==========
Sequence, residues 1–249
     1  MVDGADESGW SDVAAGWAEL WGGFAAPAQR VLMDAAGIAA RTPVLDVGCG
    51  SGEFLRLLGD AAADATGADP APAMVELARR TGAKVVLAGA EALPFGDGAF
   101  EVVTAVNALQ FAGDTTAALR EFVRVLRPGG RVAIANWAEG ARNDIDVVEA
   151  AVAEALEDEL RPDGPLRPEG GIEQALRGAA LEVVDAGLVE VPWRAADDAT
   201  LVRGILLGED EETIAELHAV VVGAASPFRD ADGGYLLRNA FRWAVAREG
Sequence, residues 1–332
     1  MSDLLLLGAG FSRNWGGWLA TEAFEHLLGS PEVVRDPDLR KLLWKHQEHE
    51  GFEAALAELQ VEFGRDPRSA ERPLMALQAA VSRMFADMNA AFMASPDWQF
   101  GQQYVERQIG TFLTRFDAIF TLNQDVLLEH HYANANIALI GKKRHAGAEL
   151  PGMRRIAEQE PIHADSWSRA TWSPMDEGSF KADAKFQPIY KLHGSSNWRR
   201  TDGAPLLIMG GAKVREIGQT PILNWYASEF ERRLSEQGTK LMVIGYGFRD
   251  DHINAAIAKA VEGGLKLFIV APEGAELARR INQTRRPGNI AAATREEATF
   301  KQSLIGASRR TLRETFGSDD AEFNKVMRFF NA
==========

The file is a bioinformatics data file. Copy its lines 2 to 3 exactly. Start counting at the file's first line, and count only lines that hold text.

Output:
     1  MVDGADESGW SDVAAGWAEL WGGFAAPAQR VLMDAAGIAA RTPVLDVGCG
    51  SGEFLRLLGD AAADATGADP APAMVELARR TGAKVVLAGA EALPFGDGAF